“Knowing my limitations and putting faith in others has been one of the hardest lessons.”
Layne is an executive unicorn, walking on both the financial and creative sides of business. With an impressive eye for venture potential, she helped build and launch Mignonne Gavigan, while cultivating a team built on support and success.
Building the right team is key, but you need to know your people! Situational leadership is a must!
After graduating from Duke University, Layne began her career in investment banking. Always interested in design, and an Art minor at Duke, Layne met Mignonne through mutual friends and was immediately drawn to Mignonne’s designs. Seeing the potential for Mignonne’s unique designs and her commitment to building her brand, Layne decided to leave the finance world to help launch and build Mignonne Gavigan.
What tips do you have for other women who would like to start their own businesses?
LL: Once we started hiring employees, it was a massive shift of focus for us and a huge learning experience for me as an entrepreneur. So much more of my time and energy is now dedicated to managing people and making sure that not only are they contributing to the business’s success, but that the business is contributing to their success and their professional development as well. As the business has grown, I have been forced to take some chances in terms of delegating and relinquishing control. Knowing my own limitations and putting faith in others to execute has been one of the hardest lessons, but more than ever after the birth of my first child a few weeks ago, I’ve realized the value of having strong women on my team who have been able to support me and anticipate when and how I would need them to take control.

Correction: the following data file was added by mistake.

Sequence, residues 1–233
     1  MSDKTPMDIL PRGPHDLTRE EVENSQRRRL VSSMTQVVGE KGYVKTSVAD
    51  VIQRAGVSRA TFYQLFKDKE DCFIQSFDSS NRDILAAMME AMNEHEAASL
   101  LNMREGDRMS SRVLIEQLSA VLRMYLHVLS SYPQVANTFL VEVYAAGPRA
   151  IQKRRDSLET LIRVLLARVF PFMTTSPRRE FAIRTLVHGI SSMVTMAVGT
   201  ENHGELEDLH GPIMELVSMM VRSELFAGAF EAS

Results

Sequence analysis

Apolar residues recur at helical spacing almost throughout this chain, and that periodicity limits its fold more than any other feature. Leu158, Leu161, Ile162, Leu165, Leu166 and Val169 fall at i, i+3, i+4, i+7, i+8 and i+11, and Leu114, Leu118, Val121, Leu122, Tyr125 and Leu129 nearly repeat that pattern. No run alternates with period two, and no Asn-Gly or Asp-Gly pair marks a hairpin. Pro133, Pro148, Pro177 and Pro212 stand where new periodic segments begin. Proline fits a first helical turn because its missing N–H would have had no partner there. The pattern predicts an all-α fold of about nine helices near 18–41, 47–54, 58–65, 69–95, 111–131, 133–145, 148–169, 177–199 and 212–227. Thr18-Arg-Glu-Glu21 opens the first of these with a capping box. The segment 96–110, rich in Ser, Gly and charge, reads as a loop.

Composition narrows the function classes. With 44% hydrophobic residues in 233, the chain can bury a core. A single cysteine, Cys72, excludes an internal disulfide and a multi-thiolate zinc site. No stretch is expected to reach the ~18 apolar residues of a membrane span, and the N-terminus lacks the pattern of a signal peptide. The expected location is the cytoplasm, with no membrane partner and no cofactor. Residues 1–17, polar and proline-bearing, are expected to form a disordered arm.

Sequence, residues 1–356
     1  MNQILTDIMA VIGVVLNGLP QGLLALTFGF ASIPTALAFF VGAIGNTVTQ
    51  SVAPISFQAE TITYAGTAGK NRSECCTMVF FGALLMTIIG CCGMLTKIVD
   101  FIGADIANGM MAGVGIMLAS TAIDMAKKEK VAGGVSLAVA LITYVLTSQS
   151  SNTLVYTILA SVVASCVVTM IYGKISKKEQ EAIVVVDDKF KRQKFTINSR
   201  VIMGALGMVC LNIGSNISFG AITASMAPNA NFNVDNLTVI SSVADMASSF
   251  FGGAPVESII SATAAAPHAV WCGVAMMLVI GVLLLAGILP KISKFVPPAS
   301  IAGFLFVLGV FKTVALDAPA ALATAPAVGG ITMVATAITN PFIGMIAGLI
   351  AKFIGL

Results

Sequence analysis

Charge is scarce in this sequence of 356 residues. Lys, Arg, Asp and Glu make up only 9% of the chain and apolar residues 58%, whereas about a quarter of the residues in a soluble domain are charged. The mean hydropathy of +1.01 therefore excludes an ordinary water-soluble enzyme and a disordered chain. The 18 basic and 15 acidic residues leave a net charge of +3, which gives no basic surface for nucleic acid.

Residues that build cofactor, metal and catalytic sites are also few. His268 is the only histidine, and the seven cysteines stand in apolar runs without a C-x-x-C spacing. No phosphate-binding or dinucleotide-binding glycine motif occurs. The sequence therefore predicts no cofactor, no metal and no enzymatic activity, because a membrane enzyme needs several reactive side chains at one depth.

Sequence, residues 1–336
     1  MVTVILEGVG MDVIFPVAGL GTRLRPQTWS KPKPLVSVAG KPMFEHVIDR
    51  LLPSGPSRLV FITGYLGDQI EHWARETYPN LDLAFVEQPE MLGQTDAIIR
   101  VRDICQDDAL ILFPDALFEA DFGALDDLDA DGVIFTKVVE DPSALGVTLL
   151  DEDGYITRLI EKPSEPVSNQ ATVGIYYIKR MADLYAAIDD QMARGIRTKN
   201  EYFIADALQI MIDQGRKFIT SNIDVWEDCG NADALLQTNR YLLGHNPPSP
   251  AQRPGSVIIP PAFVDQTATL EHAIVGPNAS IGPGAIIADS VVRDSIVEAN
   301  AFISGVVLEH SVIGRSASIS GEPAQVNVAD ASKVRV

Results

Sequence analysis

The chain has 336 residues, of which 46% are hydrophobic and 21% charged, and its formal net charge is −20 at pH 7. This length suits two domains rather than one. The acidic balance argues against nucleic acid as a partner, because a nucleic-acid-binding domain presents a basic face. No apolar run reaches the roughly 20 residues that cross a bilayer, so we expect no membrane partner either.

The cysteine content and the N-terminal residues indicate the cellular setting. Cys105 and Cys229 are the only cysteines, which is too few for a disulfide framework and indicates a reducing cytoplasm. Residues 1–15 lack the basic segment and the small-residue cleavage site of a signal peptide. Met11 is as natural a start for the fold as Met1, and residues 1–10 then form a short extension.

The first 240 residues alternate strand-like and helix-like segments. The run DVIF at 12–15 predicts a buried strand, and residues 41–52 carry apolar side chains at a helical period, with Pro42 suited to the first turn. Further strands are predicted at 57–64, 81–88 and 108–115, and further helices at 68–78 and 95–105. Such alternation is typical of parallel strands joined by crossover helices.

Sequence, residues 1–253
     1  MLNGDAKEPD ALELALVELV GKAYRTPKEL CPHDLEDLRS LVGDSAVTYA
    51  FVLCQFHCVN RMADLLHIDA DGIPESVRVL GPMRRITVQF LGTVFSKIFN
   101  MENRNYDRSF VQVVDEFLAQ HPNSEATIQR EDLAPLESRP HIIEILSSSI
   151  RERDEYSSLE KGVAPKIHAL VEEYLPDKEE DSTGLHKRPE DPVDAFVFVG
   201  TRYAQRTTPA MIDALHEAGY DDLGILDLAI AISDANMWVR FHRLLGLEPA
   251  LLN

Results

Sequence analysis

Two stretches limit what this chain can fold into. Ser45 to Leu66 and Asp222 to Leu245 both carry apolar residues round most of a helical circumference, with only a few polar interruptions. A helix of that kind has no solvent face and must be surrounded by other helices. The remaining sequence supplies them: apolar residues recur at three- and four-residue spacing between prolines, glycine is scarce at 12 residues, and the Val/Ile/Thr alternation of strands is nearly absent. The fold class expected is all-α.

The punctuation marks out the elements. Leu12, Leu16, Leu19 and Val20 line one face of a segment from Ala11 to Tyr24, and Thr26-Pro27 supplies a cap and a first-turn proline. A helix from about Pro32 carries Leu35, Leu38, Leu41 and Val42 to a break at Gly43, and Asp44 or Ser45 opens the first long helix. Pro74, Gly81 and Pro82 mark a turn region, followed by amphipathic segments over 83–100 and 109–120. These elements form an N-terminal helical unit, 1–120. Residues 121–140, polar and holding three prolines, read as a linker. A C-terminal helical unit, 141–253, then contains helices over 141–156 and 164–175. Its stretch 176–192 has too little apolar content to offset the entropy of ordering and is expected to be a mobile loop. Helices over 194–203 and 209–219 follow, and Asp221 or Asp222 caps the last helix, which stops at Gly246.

Do you follow a certain morning routine or daily schedule to maximize productivity and well-being?
LL: I live and die by a daily routine. When we first started the business, Mignonne and I were working from home and each others’ apartments, it was really difficult to have any sense of balance between home and work – which, in turn, snowballed into difficulty managing stress and “turning off” to recharge (and sleep!). When we got our first offices and started hiring, adherence to a schedule really helped me compartmentalize what was going on at work and helped me to maximize my time at home.
This 100% makes me more effective at my job and more recharged each day and each week. But everyone is different! To me, a routine is crucial and helps me to manage and anticipate the challenges ahead, short term and long term. But I have seen for others, often those who work in more creative roles and whose brains work in a different way, that a strict routine can also be limiting and restrictive. Everyone is different in this way.
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